Analysis: Malema’s pedal to the NUM’s metal

By Stephen Grootes 6 October 2010

It’s been some time since we saw some sanity from the ANC Youth League, but even so the events of the last few days seem to show that Julius Malema’s prime goal at the moment is to amass as many enemies as possible. Tough, determined enemies, also known as National Union of Mineworkers. By STEPHEN GROOTES.

In what seems to be a genuine attempt to either just be an all-round pain in the neck (otherwise known as Julius being Julius) or to try to find out who really supports whom, he’s decided to take on the National Union of Mineworkers (NUM). It is difficult to think of a tougher, hardier foe.

The latest pearl in the string started when the NUM did what a union is supposed to do, protect its workers and their jobs. When Malema went in front of the cameras and microphones to say he’ll close down mines if they don’t support his particular agenda, if you’re a union leader you have to condemn it. To do anything else would be stupid and a dereliction of your duty. Malema probably just got carried away during his “nationalisation rally” in Limpopo over the weekend, but that’s what happens when you don’t stop to learn the lessons of the last two weeks. No matter. The NUM reacted, and gave it horns.

It told the League it would not accept this. In what turned out to be a fairly carefully chosen set of words (by the standards of the League anyway) it told the ANC it refused to be “blackmailed, indoctrinated and manipulated by juveniles”. Notice the very soft hint towards what’s become a more open secret than previously, the left’s claim that the League is not engaging in the nationalisation argument for entirely pure motives.

The League, of course, has hit back with a suggestion that it will open branches around mines, because the NUM has a “conservative” leadership. The NUM suggests that anyone who wants to stop mines operating should just come along and try. (We know, you’re savouring that image, aren’t you?)

Malema is taking on royal game here. The NUM is really where the union movement that led to the formation of Cosatu started. Its leaders are liberation royalty, from Cyril Ramaphosa onwards, these are the people who really matter in ANC politics. When the NUM asks the ANC to rein in the League, it’s really asking its former boss, Gwede Mantashe. There is something about the unity of an organisation formed by a group of people who literally live underground. They learn teamwork in a way no other union can match. They are better organised than just about anybody else. We’re talking about an organisation that at any one time can boast to have more than a thousand kids in good schools and tertiary institutions, paid for by the union. They understand business and how to make it work. In short, if ever there was a union that has understood capitalism and how to live with it while improving the lot of its members and society in general, it’s the NUM.

This may be what Malema is trying to drive at, by suggesting its leadership is “conservative” he may be trying to claim the union is not part of the revolution.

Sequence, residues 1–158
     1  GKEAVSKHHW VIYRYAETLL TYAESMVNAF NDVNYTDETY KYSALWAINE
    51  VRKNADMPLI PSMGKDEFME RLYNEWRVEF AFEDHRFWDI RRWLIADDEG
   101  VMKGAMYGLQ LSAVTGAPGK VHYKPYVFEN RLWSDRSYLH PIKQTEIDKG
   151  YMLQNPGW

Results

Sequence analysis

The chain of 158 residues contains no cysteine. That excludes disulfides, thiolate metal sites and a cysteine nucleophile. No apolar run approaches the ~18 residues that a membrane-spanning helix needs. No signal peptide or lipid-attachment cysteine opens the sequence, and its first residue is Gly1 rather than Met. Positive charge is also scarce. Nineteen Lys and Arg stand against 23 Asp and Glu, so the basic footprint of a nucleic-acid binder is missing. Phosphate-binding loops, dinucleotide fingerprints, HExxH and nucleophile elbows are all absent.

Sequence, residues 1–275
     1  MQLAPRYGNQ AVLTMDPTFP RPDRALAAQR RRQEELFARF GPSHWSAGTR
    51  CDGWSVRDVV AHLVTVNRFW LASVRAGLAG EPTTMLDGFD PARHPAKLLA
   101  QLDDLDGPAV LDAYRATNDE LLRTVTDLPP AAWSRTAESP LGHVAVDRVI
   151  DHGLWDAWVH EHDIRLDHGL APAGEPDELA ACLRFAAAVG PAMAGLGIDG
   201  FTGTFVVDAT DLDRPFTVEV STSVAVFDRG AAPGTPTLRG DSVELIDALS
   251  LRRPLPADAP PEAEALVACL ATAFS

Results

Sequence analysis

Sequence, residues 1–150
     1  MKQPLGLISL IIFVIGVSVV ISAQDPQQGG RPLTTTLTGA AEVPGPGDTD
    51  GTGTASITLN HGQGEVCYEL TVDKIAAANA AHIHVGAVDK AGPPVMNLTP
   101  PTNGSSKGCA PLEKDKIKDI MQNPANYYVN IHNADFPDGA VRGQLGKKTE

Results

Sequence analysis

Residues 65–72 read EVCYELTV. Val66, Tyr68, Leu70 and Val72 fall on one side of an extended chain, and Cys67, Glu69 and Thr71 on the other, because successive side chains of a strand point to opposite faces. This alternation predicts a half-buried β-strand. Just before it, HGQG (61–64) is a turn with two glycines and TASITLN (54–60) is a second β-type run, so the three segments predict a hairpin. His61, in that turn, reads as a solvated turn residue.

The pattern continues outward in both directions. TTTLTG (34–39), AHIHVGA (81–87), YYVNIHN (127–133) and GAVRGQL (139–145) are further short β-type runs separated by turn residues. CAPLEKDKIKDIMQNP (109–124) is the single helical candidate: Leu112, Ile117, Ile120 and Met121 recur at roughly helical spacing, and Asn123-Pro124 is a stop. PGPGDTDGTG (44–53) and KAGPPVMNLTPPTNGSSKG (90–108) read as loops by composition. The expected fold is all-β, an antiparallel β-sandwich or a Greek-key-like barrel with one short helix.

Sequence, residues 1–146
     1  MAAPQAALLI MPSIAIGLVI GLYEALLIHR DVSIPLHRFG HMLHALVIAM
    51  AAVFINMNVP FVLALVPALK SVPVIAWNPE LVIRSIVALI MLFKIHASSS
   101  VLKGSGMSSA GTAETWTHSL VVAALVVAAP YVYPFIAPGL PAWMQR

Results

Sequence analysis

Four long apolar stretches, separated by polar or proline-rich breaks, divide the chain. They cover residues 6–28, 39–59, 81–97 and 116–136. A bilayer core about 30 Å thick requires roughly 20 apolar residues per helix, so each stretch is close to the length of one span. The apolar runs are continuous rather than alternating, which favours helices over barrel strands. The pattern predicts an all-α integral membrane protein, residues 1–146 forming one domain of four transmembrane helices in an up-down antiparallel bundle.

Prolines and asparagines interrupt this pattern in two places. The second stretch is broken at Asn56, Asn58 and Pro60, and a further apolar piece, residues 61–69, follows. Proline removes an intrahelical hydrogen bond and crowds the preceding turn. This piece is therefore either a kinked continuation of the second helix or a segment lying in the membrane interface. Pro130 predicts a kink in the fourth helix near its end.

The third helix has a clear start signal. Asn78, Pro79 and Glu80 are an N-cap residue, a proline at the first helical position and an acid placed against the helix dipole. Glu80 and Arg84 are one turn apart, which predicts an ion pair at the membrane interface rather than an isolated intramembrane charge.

Except that is just so untrue, it’ll be laughed at.

What Malema has really done is work out a way to make himself even more enemies. The person he will have really ticked off, who certainly will have approved the final NUM statement on this, will have been its general secretary Frans Baleni. When Zwelinzima Vavi steps down from Cosatu in 2012, Baleni will be one of the front-runners to take over. And if he doesn’t, as the leader of the largest Cosatu affiliate, he sure as dammit will have a say in who does. In short, he’s going to be influential for a long time.

So if Malema stays on as League leader (and yes, we really do think he will, but as always our political calculations are subject to change with the facts, which may change fast), he’s setting himself up for a long period of antagonism with the union movement in general and the NUM in particular.

So then, why do it? Is it possible that Malema is now so deep in political hock to those pushing him on the nationalisation issue (if that’s the case) that he has no option, but to keep diving straight in? Or could it just be that he knows no other option and no other way. Or is it really that Malema actually believes the only things that matter for the future of South Africa are, to crudely paraphrase Tony Blair, nationalisation, nationalisation and nationalisation?

It’s possibly a mixture of all the above. What we do know is that Malema is ready to risk everything on this one issue. In the past he was more than a one-trick pony. Now he almost certainly sees nationalisation as one issue all others refract into, where he can still create a wedge and push him back into the centre of the movement. For him it is probably all that matters at the moment. And that, of course, means he’ll have to take more risks, which in itself is probably a pretty stupid thing to do post-NGC.

Playing against a bunch of guys who have impeccable revolutionary credentials, but understand capitalism pretty well, will never be easy. And even if Malema somehow eventually wins, a Pyrrhic victory that would certainly be. DM

Grootes is an EWN reporter.

Photo: African National Congress Youth League leader Julius Malema dances as South Africa’s President Jacob Zuma opens the National General Council of the ruling African National Congress (ANC), in Durban, September 20, 2010. REUTERS/Mike Hutchings


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